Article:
Popular Movements in Autocracies: Religion, Repression, and Indigenous Collective Action in Mexico

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Cambridge University Press, Aug 13, 2012 - Political Science - 307 pages
This book presents a new explanation of the rise, development, and demise of social movements and cycles of protest in autocracies; the conditions under which protest becomes rebellion; and the impact of protest and rebellion on democratization. Focusing on poor indigenous villages in Mexico's authoritarian regime, the book shows that the spread of U.S. Protestant missionaries and the competition for indigenous souls motivated the Catholic Church to become a major promoter of indigenous movements for land redistribution and indigenous rights. It also shows that the introduction of government-controlled multiparty elections and the spread of competition for indigenous votes led Leftist opposition parties to become major sponsors of indigenous protest and identities. The expansion of electoral competition in some regions eventually led opposition parties to institutionalize protest, but the withdrawal of civil rights and political liberties and the threat of regime reversion in others gave rise to radicalization. The book explains why the outbreak of local rebellions, the transformation of indigenous claims for land into demands for ethnic autonomy and self-determination, and the threat of a generalized social uprising motivated national elites to democratize. Drawing on an original dataset of indigenous collective action and on extensive fieldwork, the empirical analysis of the book combines quantitative evidence with case studies and life histories.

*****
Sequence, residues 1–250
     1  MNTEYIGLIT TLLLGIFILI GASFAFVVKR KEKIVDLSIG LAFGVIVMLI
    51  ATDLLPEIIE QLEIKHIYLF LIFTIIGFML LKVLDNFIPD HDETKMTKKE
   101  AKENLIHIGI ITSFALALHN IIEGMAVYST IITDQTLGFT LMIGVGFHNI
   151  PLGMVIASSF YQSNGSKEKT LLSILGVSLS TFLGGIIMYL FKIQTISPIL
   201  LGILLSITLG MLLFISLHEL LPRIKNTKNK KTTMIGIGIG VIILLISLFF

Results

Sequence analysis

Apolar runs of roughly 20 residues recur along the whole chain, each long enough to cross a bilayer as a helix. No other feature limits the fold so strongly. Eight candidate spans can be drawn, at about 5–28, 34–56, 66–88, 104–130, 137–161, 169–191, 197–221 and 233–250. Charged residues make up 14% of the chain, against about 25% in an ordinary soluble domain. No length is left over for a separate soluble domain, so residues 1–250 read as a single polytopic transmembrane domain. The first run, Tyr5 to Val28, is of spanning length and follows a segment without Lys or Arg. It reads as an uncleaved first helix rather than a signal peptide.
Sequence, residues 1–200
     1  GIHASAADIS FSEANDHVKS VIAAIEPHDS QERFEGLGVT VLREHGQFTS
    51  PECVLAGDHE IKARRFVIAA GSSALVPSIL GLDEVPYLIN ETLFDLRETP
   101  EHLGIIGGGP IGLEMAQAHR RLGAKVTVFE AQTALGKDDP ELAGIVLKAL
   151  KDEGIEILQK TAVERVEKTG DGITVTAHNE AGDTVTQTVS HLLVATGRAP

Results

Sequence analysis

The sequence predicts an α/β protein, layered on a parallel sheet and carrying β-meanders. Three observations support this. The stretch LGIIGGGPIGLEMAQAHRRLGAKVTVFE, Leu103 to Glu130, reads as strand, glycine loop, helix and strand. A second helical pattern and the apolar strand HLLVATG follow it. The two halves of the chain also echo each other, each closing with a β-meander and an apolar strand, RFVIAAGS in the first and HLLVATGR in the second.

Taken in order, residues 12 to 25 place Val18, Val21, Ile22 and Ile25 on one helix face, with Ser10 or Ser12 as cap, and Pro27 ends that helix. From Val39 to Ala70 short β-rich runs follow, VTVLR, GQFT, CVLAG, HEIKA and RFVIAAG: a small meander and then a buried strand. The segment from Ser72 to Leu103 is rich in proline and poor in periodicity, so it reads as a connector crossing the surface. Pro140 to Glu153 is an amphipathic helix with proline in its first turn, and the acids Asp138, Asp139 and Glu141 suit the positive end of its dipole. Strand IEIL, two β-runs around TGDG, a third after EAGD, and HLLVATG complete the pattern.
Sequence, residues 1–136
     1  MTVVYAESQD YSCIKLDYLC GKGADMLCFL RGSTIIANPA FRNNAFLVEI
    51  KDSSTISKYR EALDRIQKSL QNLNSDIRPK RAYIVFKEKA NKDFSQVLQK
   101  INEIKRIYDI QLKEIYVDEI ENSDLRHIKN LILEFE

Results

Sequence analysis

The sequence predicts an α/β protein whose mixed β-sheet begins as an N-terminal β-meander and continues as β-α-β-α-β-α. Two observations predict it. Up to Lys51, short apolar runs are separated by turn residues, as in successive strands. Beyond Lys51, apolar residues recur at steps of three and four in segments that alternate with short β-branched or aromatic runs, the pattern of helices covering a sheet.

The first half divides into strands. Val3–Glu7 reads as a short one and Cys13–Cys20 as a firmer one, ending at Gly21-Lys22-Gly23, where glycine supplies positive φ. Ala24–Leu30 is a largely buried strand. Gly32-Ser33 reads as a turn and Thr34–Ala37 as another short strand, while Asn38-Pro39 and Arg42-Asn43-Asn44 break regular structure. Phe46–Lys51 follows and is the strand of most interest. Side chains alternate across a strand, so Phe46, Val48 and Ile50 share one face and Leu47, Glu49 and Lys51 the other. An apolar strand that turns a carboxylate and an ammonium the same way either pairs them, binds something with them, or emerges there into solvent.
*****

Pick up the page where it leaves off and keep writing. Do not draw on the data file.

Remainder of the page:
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Contents

A Theory of Popular Collective Action in Autocracies
29
Why the Catholic Church Became
85
Why Electoral Competition Shaped
111
Regime Reversion Threats and
141
Religious
172
The Breakdown of Religious
201
Democratization as an Elite Strategy
231
8 9
297
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About the author (2012)

Guillermo Trejo is Assistant Professor of Political Science at Duke University. He was previously on the faculty at the Centro de Investigación y Docencia Económicas (CIDE) in Mexico City. Trejo's research focuses on collective action and social protest, armed insurgencies and political violence and religion and ethnic identification in authoritarian regimes and new democracies. His work has been featured in the American Political Science Review, the Journal of Latin American Studies and Política y gobierno. Trejo's dissertation received the 2006 Mancur Olson Award from the Political Economy Section of the American Political Science Association and his research on religious competition and ethnic mobilization in Latin America received the 2011 Jack Walker Outstanding Article Award from the APSA Political Organizations and Parties Section.

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